A Two-Man Race: Michael Brunker Speaks On Black History Month


Courtesy of Cathy Morrison

Michael Brunker walked around a lot during his talk, moving up and down aisles and across the front of the audience, keeping students interested by changing the pace of the assembly.

“There are things you will hear today that you’ve never heard before.” 

This was the opening line of Michael Brunker’s talk on Black History Month given at the all-school assembly on February 6. The Bishop’s Black Student Union (BSU) brought Brunker to campus. BSU member Jada Davis-Mack (‘21) feels that Brunker coming to campus was “a great way to educate people about Black History Month.”

Brunker started his career as a basketball coach for many teams including the University of Detroit and the NBA Detroit Pistons. He was recently named 2019’s Mr. San Diego by the San Diego Rotary Club for his dedication to his position of Executive Director at the Jackie Robinson Family YMCA in National City, San Diego, for the past 22 years. 

Brunker’s talk, titled “A Two Man Race: A Detroit Perspective on Jackie Robinson’s and MLK Jr.’s Impact on Race in America,” was centered on the words and actions of these two men during the Civil Rights Movement and their influence on today’s society.

Brunker was born and raised in Detroit, Michigan, where he experienced racism while watching the Civil Rights Movement unfold. At one point during his presentation, Brunker put an image of the Detroit Riot of 1967 on the screen, paused, and—looking straight ahead—said, “I witnessed this.” During the talk, he also discussed questions that he was often asked growing up, highlighting his peers who were confused about his racial background. He explained that many of them would simply ask him: “What are you?” If asked this question now, Brunker said he would respond with “If you can guess, I’ll tell you,” as a way to reverse the interrogation and make the questioner consider the meaning behind what they asked him. 

Soon after his speech began, Brunker told the student body about the influence that Jackie Robinson had on the YMCA on 135th Street in Harlem, New York. “The kids there looked up to him,” he noted. He then compared the dynamic between Robinson and the YMCA children to the dynamic between the upper and middle schools at Bishop’s. Brunker gestured towards the upper schoolers, telling them that their voice “can have an impact on the middle schoolers,” encouraging that impact to be a positive one.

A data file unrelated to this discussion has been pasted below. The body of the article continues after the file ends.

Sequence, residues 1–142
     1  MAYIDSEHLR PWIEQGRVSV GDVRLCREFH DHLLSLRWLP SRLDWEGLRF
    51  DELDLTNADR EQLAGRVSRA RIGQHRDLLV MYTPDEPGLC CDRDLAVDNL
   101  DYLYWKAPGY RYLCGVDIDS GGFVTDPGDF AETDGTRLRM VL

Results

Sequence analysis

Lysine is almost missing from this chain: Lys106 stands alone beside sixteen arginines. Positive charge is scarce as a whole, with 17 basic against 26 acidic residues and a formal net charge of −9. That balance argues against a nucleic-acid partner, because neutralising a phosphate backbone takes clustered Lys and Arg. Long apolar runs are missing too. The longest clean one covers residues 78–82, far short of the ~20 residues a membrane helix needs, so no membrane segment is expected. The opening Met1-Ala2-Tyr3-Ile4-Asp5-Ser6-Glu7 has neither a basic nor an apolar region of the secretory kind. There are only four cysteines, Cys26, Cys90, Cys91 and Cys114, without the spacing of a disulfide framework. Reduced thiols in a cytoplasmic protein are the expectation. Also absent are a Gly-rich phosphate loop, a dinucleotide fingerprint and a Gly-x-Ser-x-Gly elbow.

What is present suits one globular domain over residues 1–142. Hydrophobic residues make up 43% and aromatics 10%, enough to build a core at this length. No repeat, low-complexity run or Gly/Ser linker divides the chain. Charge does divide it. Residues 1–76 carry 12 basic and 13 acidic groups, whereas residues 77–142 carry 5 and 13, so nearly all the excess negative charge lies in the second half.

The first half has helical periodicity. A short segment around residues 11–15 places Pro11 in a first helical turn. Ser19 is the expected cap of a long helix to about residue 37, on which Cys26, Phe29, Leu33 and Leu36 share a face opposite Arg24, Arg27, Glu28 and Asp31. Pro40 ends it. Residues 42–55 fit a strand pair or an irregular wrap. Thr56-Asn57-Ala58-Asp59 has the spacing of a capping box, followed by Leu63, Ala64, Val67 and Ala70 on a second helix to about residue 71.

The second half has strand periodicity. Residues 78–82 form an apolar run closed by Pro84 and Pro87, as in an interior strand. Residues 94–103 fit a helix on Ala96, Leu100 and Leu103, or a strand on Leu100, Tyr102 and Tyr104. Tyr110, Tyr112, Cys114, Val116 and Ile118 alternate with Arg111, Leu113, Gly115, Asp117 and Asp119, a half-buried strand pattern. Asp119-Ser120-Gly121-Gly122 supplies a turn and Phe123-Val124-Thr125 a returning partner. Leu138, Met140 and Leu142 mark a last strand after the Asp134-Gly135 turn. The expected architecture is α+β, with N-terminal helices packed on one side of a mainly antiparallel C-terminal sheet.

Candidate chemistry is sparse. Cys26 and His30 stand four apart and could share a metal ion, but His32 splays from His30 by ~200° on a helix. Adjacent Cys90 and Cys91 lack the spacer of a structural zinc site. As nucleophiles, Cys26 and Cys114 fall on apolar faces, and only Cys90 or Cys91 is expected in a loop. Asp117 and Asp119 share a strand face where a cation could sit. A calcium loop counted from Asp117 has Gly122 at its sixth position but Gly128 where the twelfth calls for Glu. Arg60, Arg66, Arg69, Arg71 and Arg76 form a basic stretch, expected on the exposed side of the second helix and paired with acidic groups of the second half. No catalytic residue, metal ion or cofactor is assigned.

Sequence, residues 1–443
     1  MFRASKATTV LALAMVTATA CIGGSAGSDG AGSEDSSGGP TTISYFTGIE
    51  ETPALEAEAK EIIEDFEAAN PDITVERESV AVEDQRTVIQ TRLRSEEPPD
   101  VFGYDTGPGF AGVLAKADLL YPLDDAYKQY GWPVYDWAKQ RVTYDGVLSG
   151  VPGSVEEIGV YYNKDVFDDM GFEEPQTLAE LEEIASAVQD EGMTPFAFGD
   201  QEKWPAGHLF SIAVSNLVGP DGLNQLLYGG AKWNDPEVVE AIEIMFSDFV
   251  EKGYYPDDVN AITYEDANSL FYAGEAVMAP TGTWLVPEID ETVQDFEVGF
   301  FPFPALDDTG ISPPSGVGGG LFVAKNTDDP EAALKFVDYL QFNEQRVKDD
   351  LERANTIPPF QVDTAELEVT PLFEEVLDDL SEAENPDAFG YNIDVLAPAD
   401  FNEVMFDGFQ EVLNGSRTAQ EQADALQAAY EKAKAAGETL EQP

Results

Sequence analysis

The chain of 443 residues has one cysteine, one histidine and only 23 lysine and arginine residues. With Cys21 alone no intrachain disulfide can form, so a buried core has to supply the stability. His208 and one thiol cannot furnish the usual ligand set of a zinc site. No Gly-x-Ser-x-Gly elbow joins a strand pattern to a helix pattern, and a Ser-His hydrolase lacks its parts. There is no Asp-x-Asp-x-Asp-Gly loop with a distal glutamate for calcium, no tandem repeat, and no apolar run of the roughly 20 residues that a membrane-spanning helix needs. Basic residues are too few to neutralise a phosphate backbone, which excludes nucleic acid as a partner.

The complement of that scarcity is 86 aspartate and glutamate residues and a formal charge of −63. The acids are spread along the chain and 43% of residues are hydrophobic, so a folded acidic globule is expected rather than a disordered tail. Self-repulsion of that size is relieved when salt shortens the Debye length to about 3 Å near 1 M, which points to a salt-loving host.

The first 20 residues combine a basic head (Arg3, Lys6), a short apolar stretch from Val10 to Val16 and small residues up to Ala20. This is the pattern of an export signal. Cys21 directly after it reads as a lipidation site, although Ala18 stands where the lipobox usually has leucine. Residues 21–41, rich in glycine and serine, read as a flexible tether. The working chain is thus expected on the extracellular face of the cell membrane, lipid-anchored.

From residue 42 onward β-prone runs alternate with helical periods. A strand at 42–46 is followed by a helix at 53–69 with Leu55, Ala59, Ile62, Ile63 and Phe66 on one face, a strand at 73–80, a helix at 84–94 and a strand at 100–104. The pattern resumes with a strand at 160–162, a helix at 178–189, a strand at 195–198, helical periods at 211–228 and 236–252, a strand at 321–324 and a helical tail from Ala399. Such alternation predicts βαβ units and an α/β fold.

At many points during the assembly, he asked the audience to participate. He invited students in Associated Student Body Council (ASBC) and students who are playing four sports to stand up and be recognized. He also asked students with younger siblings to think about the ways that they could more positively interact with their brothers and sisters. 

He also asked students to raise their hands if they agreed with the statement: “The right of every American to first-class citizenship is the most prevalent issue in the country today.” When approximately five students raised their hands, Brunker said with a laugh,“I’m assuming if you guys were paying attention, you all would have raised your hands.”

During his talk, Brunker often turned to the faculty to give them recommendations for course material that would foster the continuation of this conversation about using students’ influence for good. He suggested, for example, integrating Martin Luther King Jr.’s book, Facing the Challenge of a New Age, into Bishop’s English classes.

The goal of Brunker’s talk was to encourage students to make small changes that will have big impacts: meet new people, help others, and use your influence for good. “Don’t just sit on the sideline,” he told the community, “get up off the bench and jump into the most important game of all: life.”